LONDON (Reuters) -Sterling fell against the dollar and euro after data showed British inflation fell in November and came in well below expectations, causing markets to bring forward bets on when the Bank of England will start cutting interest rates.
The pound was last down 0.56% at $1.2659, having been down around 0.15% immediately before the data. It also softened versus the euro, which was up 0.43% at 86.62 pence.
British annual consumer price inflation fell to 3.9% in November from 4.6% in October, the lowest pace since September 2021.
The reading was below all forecasts in a Reuters poll of economists, which had pointed to a rate of 4.4%. Core inflation also cooled by an unexpectedly large amount, to 5.1% from 5.7%.
That caused markets to bring forward their expectations of Bank of England rate cuts, and they are now fully pricing in a 25 basis point cut by May 2024, and show nearly a 50% chance of such a cut by March.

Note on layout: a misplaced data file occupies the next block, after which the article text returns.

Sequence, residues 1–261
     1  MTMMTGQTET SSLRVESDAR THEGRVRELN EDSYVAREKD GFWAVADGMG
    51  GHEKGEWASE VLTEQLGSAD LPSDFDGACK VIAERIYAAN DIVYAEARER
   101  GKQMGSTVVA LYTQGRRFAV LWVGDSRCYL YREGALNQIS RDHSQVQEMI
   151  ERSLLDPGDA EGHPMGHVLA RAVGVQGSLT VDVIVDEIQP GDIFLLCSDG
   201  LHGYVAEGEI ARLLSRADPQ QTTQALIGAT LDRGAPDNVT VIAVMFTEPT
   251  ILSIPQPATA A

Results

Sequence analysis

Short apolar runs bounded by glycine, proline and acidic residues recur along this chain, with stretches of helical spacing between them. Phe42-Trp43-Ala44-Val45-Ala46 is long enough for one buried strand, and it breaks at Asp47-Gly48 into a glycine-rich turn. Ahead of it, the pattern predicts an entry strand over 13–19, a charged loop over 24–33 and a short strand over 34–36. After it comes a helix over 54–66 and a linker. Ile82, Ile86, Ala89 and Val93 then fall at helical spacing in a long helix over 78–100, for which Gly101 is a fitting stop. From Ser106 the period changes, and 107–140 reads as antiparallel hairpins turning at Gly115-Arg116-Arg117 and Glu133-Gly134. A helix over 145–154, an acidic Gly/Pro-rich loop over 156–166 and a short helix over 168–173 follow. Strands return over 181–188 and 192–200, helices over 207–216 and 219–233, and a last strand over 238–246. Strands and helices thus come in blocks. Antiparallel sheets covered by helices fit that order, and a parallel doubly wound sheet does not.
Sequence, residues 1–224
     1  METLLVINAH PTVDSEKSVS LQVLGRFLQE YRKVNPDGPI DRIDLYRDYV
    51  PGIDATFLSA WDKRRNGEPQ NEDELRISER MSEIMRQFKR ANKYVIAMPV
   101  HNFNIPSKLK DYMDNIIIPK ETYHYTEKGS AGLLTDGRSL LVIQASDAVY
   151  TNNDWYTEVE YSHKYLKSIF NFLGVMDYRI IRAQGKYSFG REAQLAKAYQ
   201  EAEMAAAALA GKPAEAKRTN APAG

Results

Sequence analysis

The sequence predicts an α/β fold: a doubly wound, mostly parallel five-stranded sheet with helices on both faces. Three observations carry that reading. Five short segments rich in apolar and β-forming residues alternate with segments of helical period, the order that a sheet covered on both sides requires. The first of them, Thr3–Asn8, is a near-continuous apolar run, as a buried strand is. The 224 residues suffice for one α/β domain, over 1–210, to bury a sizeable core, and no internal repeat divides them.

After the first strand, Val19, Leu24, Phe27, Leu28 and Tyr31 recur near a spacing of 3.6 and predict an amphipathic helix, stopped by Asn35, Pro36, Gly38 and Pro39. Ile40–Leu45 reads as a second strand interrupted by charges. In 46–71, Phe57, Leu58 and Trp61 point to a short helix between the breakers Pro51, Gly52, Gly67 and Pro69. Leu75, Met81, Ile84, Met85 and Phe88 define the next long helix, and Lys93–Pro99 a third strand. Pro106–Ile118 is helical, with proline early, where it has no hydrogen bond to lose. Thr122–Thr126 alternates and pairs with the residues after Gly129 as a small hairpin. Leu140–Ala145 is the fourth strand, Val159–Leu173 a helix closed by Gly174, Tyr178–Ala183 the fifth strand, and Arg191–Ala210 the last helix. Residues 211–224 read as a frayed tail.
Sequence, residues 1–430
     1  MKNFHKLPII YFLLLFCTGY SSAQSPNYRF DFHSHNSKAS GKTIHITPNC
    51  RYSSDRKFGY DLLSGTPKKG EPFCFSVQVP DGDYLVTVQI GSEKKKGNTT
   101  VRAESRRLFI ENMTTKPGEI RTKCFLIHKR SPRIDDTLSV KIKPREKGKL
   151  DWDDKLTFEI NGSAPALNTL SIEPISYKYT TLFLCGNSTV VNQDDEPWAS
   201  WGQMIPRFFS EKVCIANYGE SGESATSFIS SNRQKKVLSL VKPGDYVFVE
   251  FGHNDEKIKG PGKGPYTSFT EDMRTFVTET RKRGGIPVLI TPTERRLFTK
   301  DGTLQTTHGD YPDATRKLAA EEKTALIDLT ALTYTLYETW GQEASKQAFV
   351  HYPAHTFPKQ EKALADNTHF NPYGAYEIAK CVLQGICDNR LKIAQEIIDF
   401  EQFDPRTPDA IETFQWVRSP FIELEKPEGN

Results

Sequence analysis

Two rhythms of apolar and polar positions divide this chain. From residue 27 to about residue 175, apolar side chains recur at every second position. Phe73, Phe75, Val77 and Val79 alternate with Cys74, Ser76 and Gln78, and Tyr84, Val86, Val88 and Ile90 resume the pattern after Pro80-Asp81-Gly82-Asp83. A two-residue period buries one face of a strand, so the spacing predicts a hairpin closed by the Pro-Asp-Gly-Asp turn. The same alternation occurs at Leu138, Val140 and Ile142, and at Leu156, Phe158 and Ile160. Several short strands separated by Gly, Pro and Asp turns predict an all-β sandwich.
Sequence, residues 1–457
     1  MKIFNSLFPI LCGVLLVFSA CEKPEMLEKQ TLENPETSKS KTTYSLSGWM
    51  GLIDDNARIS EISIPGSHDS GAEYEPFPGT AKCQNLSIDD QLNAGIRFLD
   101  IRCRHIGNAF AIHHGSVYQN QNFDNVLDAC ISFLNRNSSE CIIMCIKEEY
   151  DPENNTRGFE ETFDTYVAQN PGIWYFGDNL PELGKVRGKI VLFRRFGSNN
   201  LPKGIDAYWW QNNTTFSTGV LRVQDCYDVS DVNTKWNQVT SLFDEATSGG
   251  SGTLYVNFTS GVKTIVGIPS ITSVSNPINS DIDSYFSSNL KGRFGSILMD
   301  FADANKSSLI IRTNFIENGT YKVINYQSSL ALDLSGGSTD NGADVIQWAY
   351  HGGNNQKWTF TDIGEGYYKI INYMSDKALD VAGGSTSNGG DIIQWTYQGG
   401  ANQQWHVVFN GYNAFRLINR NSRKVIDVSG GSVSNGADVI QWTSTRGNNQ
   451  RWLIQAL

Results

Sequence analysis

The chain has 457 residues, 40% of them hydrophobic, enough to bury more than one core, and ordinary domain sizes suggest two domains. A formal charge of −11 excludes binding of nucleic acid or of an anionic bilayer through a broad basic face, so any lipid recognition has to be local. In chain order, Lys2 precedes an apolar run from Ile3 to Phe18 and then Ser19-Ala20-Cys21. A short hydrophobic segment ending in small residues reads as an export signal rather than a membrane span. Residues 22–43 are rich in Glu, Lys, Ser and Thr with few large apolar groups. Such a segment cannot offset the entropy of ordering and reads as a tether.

Expectations of the BoE’s relative hawkishness in comparison with other major central banks has supported sterling in recent weeks.
“Markets are right to be pricing a number of rate cuts for 2024. Investors now expect 140bps of cuts in 2024 after this latest downside surprise on inflation, starting in May. That’s maybe pushing it, and we still think the Bank will prefer to tread a little more cautiously with 100bp of cuts starting in August,” said James Smith, developed markets economist at ING in a note.
“But interestingly, this data has also seen investors reassess where the BoE stands relative to the Fed and European Central Bank. Up until now, markets had been expecting both of the latter to be much more aggressive than the BoE, but that narrative seems to be fading.”
British shares and government bonds, known as gilts, rallied on the data.
Britain’s 10-year yield dropped 10 basis points to 3.55% and the rate-sensitive two-year yield fell 17 bps. [GB/]
Both Britain’s blue chip FTSE100 stock index and the domestically focused FTSE250 index rose over 1% to their highest since May.
(Reporting by Alun John and Danilo Masoni; editing by Dhara Ranasinghe and Bernadette Baum)